React Native is the biggest technology available for iOS developer, since 2015.

It provides a new platform for iOS development, in the very popular (and familar language for web developers) - JavaScript.

This post is about learning/considering React Native for an iOS/Swift developer.

This post is not a development guide, because the official Getting started is good, and Ray Wenderlich provided a great guide for Swift iOS developers.

Instead, I will highlight important considerations for Swift iOS developers.

Why use React Native?

Instead of pure iOS/Android native development, React Native has the following benefits:

  1. Render native UI (NOT web view), thus good user experience
  2. Learn once, write anywhere (on both iOS & Android)
  3. Similar set of technology stack (JavaScript + React + millions of JS libs) with web developers
  4. JavaScript developers readily available, as compared to Swift/Android/Java

I usually do not advocate non-native technology, because there are limitations and extra bugs because of the intermediary platform.

But React Native is created by Facebook, and they use it in Facebook app too, so there is lesser risk.

Not zero risk, because you should know Facebook kills Parse etc too..

Warning: JavaScript World

Before we dived into React Native, let me warn you if you are a JavaScript newbie like me.

JavaScript world is very messy.

How messy? See this conversation.

The ecosystem is too healthy, with lots of JS frameworks popping up and taking over the world, quickly. Check out the state of JS in 2016. There will be many frameworks that you need to learn, from everyone.

How React Native Works?

In Facebook’s March 2015 release post:

The only difference in the mobile environment is that instead of running React in the browser and rendering to divs and spans, we run it in an embedded instance of JavaScriptCore inside our apps and render to higher-level platform-specific components.

JavaScriptCore is a framework provided on iOS/Android to run JavaScript.

React Native runs the JavaScript in JavaScriptCore, and then render the native UI views on the platform.

The Trigger Point

In AppDelegate, there is boilerplate code that specify where to load the JavaScripts.

The NSURL either points to:

  1. http://localhost:8081 or
  2. NSBundle

Loading JavaScript remotely from a URL is interesting, because then, it is possible to code push to live apps!

Flexbox for UI layout

No more messing around with autolayout.

Flexbox is a simple way, specifying a weight value for the components, the flow direction, and the alignment.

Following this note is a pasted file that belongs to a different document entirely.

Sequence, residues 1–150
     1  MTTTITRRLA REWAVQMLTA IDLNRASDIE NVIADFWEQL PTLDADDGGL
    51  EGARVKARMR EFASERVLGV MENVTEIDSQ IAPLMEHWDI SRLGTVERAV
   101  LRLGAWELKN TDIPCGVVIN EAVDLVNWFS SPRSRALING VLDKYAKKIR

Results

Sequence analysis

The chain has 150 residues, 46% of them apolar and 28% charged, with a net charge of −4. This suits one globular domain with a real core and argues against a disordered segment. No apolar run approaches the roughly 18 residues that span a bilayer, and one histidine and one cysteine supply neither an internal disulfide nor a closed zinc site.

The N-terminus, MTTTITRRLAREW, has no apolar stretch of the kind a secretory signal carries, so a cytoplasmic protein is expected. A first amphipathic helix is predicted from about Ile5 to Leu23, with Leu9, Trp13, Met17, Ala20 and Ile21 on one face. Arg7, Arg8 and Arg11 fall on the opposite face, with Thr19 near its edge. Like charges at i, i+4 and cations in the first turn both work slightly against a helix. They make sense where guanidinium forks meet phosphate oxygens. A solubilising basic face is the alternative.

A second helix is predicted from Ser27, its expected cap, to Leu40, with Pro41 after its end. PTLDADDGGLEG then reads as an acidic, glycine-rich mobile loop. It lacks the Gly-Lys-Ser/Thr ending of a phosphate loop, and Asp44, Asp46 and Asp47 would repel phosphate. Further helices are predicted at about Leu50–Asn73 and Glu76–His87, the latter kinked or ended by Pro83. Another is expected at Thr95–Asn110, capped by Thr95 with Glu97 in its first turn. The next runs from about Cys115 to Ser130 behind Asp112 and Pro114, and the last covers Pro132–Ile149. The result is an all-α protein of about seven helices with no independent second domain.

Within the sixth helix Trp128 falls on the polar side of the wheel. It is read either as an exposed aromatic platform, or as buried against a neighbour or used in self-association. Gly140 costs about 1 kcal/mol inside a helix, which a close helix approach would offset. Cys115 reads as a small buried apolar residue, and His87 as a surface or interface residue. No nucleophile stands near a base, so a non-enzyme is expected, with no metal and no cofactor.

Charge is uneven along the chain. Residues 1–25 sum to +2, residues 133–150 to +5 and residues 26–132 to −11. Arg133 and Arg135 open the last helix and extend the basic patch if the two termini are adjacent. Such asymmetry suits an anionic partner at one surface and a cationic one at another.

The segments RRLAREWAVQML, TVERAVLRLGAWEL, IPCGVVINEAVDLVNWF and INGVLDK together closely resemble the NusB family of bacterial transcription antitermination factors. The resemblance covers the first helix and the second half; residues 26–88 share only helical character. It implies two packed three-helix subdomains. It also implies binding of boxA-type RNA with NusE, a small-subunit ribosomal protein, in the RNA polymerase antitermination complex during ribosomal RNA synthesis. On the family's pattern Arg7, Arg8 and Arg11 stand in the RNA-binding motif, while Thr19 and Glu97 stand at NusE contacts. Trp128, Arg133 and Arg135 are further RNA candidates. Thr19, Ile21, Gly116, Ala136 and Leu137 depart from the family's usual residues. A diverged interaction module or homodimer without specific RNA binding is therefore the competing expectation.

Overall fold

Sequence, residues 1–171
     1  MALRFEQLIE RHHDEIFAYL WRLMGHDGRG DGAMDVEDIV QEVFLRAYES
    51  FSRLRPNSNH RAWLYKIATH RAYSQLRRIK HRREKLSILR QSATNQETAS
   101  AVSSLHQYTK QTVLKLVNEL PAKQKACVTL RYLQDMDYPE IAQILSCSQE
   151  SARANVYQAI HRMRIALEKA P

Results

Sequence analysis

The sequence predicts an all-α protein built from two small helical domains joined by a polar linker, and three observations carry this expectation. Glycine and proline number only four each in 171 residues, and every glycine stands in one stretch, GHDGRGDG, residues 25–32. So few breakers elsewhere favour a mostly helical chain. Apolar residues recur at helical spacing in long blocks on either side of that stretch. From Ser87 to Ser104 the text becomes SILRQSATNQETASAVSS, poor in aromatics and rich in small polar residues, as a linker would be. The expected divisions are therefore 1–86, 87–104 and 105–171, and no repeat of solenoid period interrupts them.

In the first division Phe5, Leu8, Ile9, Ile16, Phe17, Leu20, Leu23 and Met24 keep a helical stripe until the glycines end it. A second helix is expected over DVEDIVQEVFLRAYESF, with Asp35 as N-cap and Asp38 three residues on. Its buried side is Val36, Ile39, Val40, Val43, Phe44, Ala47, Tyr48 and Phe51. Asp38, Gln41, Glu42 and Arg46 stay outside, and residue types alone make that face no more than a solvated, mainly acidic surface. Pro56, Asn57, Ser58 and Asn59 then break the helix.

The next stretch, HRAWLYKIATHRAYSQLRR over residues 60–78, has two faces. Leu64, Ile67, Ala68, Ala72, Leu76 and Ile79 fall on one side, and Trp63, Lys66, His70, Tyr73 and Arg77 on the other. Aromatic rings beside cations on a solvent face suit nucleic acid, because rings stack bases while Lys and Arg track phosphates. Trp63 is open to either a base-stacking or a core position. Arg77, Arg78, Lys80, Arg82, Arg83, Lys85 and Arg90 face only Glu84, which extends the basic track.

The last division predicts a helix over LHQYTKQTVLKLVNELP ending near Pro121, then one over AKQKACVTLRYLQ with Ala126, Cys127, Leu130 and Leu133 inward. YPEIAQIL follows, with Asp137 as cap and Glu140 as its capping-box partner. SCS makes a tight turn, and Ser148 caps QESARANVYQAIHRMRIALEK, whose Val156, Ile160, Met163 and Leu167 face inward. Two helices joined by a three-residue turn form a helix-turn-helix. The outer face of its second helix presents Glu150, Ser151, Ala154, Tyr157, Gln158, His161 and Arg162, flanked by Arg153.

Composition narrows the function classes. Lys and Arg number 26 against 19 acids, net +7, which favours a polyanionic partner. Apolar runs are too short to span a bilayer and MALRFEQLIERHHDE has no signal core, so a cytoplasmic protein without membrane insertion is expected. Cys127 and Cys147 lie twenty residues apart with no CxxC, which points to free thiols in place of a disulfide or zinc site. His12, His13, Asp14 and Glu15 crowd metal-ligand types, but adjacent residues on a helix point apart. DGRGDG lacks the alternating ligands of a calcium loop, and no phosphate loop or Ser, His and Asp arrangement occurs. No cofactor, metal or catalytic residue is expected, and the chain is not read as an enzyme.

You will be glad that Boostrap 4 will use flexbox way, instead of the regular grid system they started with.

Persistant Storage

You can use AsyncStorage for simple key-value data, just like NSUserDefault.

For database, you could use Realm! No more Core Data!

Migrating an existing Swfit project

You can have a hybrid of native and react native.

To integrate react native into an existing project, follow raywenderlich’s guide. Facebook’s official guide is lacking, and outdated for the dependencies version. As of Dec 2016, I updated the version to:

"dependencies": {
  "react": "15.3.1",
  "react-native": "0.34.0"

You can update accordingly, but things move fast so if your project doesn’t compile, then it could be the versions (and Xcode/iOS) incompatibility.

One particular point missing in Facebook’s guide is how to run without depending on the packager running on eg. http://localhost:8081. Read on.

Bundling JS in App

React Native provided a script - - to build and bundle the JS and all resources you need into your app.

When integrating into an existing app, you have to add a New Run Script Phase with the following:

export NODE_BINARY=node

Edit the path to as necessary.

You will also need to edit/add your scheme’s Build Configuration to Release.

Tip: If you are using fastlane gym, don’t worry because the default of gym is to use Release configuration, even if the scheme is set to Debug.

Let’s take a look on a very basic UI subject. In iOS, we have UINavigationController.

In React Native, it gets complicated and there are more choices:

There are lots of community contributions, and once you found the library that is suitable for your requirement, you could use it easily.

macOS too

Not only for mobile, but you could learn once, and write for desktop app too.


Facebook has their own “IDE” - nuclide - which is plugin for Atom.

What about type?

One of the cons of JavaScript (compared to Swift) is that there is no type safety built into the language.

If you prefer to deal with types (which you should, trust me), then you should use Flow.

# Install flow globally so that it is added to PATH
npm install -g flow-bin

I would recommend to setup Flow when you begin a project, because it gets harder to migrate non-flow app later on.

What about TypeScript?

TypeScript provides typing and optionals, in a new language of it’s own.

I would choose to use TypeScript, if I had more experience with JavaScript (especially with the new ES2015). But being a newbie to JavaScript, it is better to learn the intricates of the language.

What’s more, most examples and libraries will be in pure JavaScript.

And compared to Flow, Facebook has preference for Flow. The react library has Flow annotations.

So my advise is to avoid TypeScript. But it is possible to use, just saying.

Project Generator

ignite is extension of yeoman.

Generate a best-practised project structure with state of the art setup.

What is not so great?

  • Dependency on another technology stack
  • You will not be able to use the latest iOS technology
  • Swift is nicer than JavaScript

More Resources

awesome-react-native - List of great libraries

F8 - Facebook conference app - written in react native, fully open sourced - Discover more JS

Localization library

Many native components




Back to Home